This article is a detailed guide to securely erase a disk and file via the Linux shred command.
How to Securely Erase File using the Linux shred Command
In Linux, there are multiple commands for removing the files including rm and rmdir. However, the shred command is a different one that overwrites the files and makes them unrecoverable. The basic syntax of the shred command is given below:
If you just want to overwrite the test file, execute the following command:
If you want to remove the file then, use the -uvz flag with the shred command and name of the file, -u will remove the file after overwriting, the -v shows the progress and -z performs the overwriting:
In the below example, I am removing the document1 from my system:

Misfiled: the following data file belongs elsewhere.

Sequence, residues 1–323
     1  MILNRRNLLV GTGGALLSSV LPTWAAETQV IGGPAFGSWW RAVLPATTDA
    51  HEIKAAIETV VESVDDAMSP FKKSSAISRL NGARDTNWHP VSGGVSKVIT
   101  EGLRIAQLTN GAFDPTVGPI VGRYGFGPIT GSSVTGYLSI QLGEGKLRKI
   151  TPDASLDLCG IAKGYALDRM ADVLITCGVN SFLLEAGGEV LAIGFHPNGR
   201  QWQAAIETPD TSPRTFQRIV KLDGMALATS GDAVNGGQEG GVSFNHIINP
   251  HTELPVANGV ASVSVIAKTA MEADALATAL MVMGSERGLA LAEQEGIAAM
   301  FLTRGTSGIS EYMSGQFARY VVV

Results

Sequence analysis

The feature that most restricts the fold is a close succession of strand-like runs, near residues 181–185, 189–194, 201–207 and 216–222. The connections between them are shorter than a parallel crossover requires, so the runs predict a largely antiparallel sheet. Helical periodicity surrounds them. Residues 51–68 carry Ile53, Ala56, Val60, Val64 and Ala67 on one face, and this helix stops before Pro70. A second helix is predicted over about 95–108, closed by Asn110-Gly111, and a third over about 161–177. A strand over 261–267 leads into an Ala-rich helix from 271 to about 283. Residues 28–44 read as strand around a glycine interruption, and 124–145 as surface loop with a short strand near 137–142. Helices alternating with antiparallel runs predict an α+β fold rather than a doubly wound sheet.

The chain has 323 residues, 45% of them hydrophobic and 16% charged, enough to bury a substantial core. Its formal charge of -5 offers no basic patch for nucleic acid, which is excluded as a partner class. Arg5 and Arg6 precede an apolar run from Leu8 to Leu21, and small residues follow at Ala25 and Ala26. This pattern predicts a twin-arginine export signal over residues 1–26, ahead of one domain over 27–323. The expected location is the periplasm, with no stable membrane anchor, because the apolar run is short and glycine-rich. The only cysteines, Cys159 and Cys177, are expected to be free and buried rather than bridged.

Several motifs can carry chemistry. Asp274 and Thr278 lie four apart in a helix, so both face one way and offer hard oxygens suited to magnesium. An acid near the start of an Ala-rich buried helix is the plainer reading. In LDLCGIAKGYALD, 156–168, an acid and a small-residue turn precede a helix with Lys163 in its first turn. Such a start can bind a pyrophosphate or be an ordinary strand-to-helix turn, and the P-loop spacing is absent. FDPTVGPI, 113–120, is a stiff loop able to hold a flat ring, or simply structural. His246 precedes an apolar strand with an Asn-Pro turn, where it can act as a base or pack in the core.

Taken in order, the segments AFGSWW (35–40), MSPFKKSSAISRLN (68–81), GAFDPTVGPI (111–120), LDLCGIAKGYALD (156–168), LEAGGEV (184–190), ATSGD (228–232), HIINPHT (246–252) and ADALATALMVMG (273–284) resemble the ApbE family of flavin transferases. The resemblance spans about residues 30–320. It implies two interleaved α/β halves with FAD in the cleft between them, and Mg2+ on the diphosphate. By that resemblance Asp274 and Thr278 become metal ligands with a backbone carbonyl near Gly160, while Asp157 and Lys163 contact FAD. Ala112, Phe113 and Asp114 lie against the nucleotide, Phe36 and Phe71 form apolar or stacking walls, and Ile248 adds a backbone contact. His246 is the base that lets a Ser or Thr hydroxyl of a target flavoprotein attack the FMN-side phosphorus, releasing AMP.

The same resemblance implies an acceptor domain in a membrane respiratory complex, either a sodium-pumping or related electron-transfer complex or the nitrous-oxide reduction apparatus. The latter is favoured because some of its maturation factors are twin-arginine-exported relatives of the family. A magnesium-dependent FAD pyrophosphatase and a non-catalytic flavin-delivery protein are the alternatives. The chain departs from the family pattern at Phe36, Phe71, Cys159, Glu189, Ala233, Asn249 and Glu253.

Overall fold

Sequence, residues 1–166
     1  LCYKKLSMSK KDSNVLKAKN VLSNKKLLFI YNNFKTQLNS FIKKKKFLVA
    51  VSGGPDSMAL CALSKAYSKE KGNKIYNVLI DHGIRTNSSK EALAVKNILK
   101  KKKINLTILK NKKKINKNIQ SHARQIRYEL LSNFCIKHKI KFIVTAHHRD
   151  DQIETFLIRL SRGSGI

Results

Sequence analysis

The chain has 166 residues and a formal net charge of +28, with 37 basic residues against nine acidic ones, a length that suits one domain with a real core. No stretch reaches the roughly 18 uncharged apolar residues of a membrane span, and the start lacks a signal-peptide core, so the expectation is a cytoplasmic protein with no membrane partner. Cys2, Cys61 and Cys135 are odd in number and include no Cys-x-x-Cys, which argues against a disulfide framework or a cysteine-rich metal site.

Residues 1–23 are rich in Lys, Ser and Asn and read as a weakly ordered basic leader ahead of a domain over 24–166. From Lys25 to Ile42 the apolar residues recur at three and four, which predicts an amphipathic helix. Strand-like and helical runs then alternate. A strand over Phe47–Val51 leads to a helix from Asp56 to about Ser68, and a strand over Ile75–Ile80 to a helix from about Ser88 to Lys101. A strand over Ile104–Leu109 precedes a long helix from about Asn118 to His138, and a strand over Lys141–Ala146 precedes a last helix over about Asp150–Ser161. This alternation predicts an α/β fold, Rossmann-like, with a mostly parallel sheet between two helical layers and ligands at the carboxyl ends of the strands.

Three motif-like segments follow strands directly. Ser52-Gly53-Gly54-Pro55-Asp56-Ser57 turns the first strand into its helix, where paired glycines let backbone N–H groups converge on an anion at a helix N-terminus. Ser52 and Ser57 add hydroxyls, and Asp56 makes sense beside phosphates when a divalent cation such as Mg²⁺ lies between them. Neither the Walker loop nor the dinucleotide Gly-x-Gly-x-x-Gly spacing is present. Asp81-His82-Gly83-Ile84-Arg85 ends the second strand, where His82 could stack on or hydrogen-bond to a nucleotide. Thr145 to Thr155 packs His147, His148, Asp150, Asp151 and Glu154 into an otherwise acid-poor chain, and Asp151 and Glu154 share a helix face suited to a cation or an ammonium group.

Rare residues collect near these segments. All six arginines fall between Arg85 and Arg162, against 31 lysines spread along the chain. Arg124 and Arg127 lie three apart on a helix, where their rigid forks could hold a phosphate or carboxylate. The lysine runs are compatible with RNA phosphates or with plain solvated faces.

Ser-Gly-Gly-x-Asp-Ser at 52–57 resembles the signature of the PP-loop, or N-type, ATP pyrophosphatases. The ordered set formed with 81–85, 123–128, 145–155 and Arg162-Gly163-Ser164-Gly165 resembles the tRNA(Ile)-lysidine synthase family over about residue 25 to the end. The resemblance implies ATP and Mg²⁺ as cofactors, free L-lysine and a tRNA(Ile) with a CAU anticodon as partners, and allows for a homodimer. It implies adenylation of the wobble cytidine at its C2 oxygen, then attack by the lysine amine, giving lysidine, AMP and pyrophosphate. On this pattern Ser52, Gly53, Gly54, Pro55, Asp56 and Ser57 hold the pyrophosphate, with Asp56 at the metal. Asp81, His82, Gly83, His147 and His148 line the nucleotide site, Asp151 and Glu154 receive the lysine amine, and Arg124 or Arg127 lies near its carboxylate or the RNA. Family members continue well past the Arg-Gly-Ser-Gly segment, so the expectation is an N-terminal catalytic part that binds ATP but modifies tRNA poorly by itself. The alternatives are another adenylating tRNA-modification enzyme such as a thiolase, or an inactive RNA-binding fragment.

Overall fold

By default, the shred command overwrites the file 3 times, you can change this behavior by using the -n with the count for overwriting the file:
Securely Erase a Disk Using the Linux shred Command
If you are selling your drive then you can remove the data from it using the shred command so that no one can access the previously deleted data from the drive. You can use the -v to get the detailed output, -f forces the overwrite, and -z writes the zeros in the final pass and removes or erases all the data from the hard disk or USB drive.
Note: Replace the /dev/sdb with the name of your device, which can be found through “lsblk” command.
shred is an important command-line tool for Linux systems as it deletes the data on the disk in a secure fashion so that no one can re-access the data from the disk. The tool is preinstalled on most Linux distributions including Debian and you can see the shred command use with different examples provides the above-mentioned guidelines.